After 16 years at Saskatchewan Trade & Export Partnership, mainly as Director of the Agri-Value international trade development team, Jennifer joined Best Cooking Pulses as Director of Sales & Marketing. Jennifer has been in her current role since Avena Foods and Best Cooking Pulses merged in 2018, sharing her passion for, and knowledge of, pulse and oat ingredients with innovative food, petfood & nutraceutical companies in North America and Europe.
Jonathan M. Baner is Senior Technical Manager of Extrusion with PacMoore Process Technologies, LLC. Jonathan holds a BS in Food Science & Human Nutrition from the University of Illinois and is a Certified Food Scientist. As site leader for PacMoore Innovation Lab in Gridley, Illinois, Jonathan is responsible for extrusion process and product development in cereal- and protein-based direct expanded, texturized, and high-density extruded product categories. Prior to joining PacMoore in 2014, Jonathan held previous roles in the food industry with responsibility for quality, regulatory, and innovation.
About PacMoore Products, Inc:
PacMoore is a contract food manufacturing company, focused on creating the finest food ingredients in the world with over three decades of industry experience around the development, processing and packaging in spray drying, extrusion, dry blending, liquid blending, re-packing and consumer packaging.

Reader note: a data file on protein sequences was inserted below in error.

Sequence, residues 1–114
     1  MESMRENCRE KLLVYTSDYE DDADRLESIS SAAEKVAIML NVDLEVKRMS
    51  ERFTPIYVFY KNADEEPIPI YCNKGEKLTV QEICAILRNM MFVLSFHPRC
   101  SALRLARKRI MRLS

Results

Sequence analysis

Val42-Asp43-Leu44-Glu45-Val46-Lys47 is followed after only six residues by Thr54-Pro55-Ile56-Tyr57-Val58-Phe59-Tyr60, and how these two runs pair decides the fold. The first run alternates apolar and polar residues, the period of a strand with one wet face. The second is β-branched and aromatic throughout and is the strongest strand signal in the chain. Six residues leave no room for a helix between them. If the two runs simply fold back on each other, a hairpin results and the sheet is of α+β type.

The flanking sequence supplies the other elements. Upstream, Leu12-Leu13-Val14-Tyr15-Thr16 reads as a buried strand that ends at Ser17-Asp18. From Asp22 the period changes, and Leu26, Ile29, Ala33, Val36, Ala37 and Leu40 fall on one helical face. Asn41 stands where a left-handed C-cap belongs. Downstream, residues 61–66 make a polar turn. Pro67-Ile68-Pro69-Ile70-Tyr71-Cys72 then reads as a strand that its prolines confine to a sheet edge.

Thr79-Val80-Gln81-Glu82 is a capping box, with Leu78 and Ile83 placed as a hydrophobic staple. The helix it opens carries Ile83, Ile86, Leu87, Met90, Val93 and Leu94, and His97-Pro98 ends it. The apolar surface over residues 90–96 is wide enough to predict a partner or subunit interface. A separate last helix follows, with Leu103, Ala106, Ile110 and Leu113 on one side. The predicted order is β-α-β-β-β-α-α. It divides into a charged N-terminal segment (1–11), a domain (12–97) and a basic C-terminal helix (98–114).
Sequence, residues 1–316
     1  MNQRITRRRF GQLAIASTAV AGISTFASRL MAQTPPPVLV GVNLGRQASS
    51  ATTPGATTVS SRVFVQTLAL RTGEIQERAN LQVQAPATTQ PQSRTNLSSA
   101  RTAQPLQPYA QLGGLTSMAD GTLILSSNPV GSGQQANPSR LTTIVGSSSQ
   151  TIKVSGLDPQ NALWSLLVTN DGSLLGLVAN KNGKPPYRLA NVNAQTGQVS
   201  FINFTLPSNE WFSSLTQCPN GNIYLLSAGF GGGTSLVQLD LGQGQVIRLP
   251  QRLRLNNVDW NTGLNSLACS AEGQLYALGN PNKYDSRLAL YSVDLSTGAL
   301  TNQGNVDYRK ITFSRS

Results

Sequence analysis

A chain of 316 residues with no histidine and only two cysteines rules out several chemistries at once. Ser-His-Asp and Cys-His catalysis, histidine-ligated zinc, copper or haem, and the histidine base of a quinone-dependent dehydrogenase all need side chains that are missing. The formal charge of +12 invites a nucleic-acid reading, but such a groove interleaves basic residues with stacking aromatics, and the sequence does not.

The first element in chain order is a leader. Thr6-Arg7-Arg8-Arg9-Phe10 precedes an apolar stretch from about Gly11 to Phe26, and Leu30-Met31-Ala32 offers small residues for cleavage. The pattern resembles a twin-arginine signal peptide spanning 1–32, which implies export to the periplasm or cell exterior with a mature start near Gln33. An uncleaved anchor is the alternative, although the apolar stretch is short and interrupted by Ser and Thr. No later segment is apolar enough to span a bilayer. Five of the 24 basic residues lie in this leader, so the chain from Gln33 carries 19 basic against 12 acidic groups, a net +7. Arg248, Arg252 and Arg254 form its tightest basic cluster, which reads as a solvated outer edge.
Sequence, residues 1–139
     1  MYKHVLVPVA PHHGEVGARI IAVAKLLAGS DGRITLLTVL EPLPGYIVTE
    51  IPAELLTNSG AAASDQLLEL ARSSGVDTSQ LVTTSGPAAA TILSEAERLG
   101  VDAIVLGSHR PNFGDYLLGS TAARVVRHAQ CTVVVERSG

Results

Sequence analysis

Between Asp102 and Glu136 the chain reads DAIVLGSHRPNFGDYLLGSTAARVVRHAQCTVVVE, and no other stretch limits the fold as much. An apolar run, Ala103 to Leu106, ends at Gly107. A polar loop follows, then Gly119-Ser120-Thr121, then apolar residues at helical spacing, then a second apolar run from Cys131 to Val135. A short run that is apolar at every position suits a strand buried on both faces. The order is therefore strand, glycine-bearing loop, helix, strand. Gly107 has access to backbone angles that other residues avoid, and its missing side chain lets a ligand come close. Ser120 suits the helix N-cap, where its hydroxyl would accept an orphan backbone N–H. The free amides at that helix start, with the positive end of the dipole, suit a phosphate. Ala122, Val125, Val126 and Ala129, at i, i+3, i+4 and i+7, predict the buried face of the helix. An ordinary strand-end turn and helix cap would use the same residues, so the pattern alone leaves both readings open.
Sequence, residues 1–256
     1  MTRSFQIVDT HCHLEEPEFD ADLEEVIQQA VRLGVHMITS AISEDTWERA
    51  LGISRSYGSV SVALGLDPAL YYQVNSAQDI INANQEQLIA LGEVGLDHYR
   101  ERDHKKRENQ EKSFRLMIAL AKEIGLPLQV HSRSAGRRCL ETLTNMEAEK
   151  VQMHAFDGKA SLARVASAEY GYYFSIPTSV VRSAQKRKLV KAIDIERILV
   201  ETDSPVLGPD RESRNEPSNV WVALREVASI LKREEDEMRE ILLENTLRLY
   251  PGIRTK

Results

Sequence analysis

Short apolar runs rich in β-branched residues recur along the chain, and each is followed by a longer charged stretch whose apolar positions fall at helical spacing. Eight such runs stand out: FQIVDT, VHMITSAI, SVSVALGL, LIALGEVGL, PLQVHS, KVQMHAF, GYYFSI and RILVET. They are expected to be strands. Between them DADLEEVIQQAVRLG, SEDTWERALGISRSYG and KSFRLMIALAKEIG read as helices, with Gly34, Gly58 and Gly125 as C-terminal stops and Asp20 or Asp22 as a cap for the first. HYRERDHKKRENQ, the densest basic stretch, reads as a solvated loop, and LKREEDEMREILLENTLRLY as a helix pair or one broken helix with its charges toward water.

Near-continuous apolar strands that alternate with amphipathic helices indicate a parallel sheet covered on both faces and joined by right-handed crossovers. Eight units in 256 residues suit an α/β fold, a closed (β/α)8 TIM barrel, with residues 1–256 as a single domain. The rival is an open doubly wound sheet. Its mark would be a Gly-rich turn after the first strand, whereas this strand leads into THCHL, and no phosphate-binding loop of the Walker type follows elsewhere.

Questions and Answers
What do you see as the primary 2021 snack trends and of course related ingredients and nutritionals?
“COVID-19 and 2020 saw many consumers gravitate toward more traditional “comfort food” and snacks, and perhaps more legacy brands that helped them feel a much-needed sense of normalcy. Eventually in 2021, a return to the pre-COVID trends is expected. In the long term, we expect that consumer preference for the ‘new’, ‘different’, and ‘unusual’ will be reignited due to pent-up demand. One perhaps more specific trend that I’d highlight, is the continued rise of plant-based proteins throughout various snack sub-categories. We’ve seen items like plant-based and vegan jerkies take-off, driven by consumer demand for more plant-based protein. I’d expect continued innovation within this category, as well as the plant-based/vegan-meat analogue trend to continue to expand into ‘traditional’ categories of snacks.”
– David Walsh, Vice President, Membership and Communications with SNAC International
Is there any advantage to adding additional pea hull fiber even when adding whole pulse flour?